2 Questions Widows Should Ask Themselves About Their Financial Advisors

Cheerful Old Woman Sitting on sand

Published by Taylor Financial Group (for women)

A shockingly high percentage of women (up to 70%) fire their financial advisor once they become widowed. Even more surprisingly, many of these women don’t plan on leaving their financial advisors while their husbands are still alive. However, upon becoming widowed, they reassess their client-advisor relationship and choose to leave. The main reason for this change? Many women aren’t feeling a connection with their financial advisors!

In many situations where women aren’t feeling a connection with their financial advisors, it stems from a lack of personalization on the part of the advisor. The fact is that the financial advice industry is dominated by men who aren’t always the best at listening to or understanding their female clients. Therefore, when widows evaluate their relationships with financial advisors, there are two main questions they should ask themselves.

1. Does my financial advisor listen to my concerns and understand my point of view?

Your financial advisor should be taking the time to listen to your concerns regarding your financial future. Furthermore, you may have slightly different priorities for your financial future as a widow, and your financial advisor should take the time to understand that and offer real solutions.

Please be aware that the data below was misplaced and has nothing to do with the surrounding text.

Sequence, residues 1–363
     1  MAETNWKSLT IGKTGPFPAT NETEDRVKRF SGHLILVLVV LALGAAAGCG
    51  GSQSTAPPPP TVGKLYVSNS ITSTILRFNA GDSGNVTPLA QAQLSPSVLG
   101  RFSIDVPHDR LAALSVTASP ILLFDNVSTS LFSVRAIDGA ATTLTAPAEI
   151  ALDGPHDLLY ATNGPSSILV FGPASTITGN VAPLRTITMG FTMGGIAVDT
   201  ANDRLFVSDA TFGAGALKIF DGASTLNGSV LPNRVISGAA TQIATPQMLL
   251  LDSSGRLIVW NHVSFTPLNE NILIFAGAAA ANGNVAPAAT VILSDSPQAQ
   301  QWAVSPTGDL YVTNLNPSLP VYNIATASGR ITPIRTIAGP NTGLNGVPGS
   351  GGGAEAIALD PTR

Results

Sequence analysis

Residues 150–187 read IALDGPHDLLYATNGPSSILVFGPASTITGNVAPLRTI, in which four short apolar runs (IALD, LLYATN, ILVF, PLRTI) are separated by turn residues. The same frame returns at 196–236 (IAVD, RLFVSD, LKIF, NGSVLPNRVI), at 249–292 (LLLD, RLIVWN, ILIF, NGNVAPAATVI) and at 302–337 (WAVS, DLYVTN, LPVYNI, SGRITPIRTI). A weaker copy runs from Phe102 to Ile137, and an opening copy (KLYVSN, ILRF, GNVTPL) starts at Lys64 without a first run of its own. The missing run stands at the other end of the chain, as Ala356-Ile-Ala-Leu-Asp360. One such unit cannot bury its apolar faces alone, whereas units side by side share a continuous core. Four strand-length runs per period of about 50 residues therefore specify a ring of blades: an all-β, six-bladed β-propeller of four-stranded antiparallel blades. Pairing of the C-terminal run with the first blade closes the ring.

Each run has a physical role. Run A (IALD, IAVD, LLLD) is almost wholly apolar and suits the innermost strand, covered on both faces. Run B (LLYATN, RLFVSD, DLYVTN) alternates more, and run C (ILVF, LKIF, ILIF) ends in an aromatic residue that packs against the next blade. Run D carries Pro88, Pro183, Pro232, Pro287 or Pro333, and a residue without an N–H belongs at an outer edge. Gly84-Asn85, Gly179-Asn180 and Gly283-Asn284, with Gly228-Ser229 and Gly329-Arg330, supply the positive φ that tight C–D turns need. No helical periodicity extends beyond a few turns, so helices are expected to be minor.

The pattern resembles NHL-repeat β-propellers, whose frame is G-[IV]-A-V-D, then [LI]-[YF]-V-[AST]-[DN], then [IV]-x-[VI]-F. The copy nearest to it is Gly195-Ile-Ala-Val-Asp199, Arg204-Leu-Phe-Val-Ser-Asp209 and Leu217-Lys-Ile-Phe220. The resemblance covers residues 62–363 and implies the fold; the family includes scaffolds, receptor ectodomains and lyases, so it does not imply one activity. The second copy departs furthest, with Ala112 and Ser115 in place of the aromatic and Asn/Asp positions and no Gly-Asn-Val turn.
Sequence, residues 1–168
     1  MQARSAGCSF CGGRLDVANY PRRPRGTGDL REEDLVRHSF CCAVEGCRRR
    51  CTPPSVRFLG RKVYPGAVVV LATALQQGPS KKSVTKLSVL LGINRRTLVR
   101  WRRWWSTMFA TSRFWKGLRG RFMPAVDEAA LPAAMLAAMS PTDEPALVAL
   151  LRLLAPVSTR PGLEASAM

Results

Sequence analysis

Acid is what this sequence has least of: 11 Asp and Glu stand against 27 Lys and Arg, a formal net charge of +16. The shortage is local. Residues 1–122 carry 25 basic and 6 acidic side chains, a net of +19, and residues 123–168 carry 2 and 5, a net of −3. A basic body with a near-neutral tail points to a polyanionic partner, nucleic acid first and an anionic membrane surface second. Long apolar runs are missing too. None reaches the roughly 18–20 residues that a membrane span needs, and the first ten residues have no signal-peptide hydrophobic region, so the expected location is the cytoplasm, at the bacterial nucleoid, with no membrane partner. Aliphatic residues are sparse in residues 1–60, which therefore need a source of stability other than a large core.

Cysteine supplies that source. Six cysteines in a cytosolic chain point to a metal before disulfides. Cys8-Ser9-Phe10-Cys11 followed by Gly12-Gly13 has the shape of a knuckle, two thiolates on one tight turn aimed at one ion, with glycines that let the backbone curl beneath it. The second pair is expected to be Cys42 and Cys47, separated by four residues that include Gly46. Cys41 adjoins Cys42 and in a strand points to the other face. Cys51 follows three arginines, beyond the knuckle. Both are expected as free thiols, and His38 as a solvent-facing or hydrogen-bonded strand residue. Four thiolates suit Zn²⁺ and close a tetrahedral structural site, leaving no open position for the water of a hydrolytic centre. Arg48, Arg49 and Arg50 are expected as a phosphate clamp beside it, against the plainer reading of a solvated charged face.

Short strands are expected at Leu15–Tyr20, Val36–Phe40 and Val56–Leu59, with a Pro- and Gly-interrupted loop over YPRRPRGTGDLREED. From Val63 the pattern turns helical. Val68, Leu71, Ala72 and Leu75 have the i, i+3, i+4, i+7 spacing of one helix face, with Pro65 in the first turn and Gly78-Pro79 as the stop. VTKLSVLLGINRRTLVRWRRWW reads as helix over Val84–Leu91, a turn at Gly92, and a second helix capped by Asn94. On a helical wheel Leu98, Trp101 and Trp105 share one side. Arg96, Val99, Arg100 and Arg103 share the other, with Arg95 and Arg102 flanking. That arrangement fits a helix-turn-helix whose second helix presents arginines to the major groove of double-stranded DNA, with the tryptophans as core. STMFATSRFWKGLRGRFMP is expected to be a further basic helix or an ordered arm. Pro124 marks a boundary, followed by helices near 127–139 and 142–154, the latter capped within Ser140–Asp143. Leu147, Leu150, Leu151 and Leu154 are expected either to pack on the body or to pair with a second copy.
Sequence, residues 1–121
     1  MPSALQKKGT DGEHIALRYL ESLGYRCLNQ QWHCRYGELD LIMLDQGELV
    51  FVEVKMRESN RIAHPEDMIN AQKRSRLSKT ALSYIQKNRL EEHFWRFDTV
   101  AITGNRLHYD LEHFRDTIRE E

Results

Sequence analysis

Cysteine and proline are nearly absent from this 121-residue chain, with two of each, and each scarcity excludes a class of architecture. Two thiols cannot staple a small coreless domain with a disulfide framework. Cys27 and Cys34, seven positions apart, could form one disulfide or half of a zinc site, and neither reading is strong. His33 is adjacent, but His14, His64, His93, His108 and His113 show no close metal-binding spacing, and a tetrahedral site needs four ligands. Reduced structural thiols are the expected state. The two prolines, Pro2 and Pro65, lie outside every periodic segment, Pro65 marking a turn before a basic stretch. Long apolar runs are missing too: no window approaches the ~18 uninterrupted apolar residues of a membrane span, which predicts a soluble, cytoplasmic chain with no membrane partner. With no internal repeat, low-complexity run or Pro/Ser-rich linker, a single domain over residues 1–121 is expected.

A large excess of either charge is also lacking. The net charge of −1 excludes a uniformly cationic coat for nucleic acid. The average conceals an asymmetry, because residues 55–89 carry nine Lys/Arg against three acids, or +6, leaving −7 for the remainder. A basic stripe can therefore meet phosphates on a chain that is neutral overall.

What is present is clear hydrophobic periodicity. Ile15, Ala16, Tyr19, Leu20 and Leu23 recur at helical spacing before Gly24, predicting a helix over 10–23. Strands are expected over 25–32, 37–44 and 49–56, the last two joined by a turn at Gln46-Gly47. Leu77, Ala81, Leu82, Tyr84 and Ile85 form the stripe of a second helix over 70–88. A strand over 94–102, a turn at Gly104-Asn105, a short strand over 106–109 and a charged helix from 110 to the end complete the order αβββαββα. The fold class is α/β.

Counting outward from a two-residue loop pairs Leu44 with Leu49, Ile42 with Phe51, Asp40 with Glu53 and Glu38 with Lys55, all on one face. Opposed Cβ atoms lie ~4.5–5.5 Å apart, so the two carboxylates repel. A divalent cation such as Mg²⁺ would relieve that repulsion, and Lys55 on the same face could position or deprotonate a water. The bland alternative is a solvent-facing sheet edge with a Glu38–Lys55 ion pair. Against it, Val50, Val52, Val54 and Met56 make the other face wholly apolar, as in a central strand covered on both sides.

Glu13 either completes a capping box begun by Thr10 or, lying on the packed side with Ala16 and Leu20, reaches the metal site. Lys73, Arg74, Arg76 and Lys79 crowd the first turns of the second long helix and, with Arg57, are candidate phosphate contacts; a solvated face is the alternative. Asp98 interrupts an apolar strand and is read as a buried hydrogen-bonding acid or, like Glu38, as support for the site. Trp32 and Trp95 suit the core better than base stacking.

2. Has my financial advisor updated the financial strategy used when my husband was alive based on my needs and wants?

Just as your financial advisor should listen to your concerns regarding your financial future, your financial advisor should also be prepared to update your financial strategy if necessary based on these changes in your life. Although not always necessary, many widows might want to amend their financial plans to reflect their changing priorities. In fact, we have found, time and time again, that once women become widowed, we help them grow into their role and they feel empowered to make decisions differently than their husbands did.

In summary, widows should evaluate their relationships with their financial advisors to ensure that their financial plans reflect their financial needs. At Taylor Financial Group, we provide our clients with personalized financial plans, and regularly meet with our clients to ensure their plans reflect their changing needs. If you have any questions or concerns about your financial plan, feel free to reach out to us at Taylor Financial Group so we can help you create a more positive financial future.


  1. For Some Widows, Breaking Up with an Advisor is Easy to Do, CNBC 2014
  2. How to Retain Female Clients After a Spouse’s Death, ThinkAdvisor 2017


Get in Touch

In just minutes we can get to know your situation, then connect you with an advisor committed to helping you pursue true wealth.

Contact Us

Stay Connected

Business professional using his tablet to check his financial numbers

401(k) Calculator

Determine how your retirement account compares to what you may need in retirement.

Get Started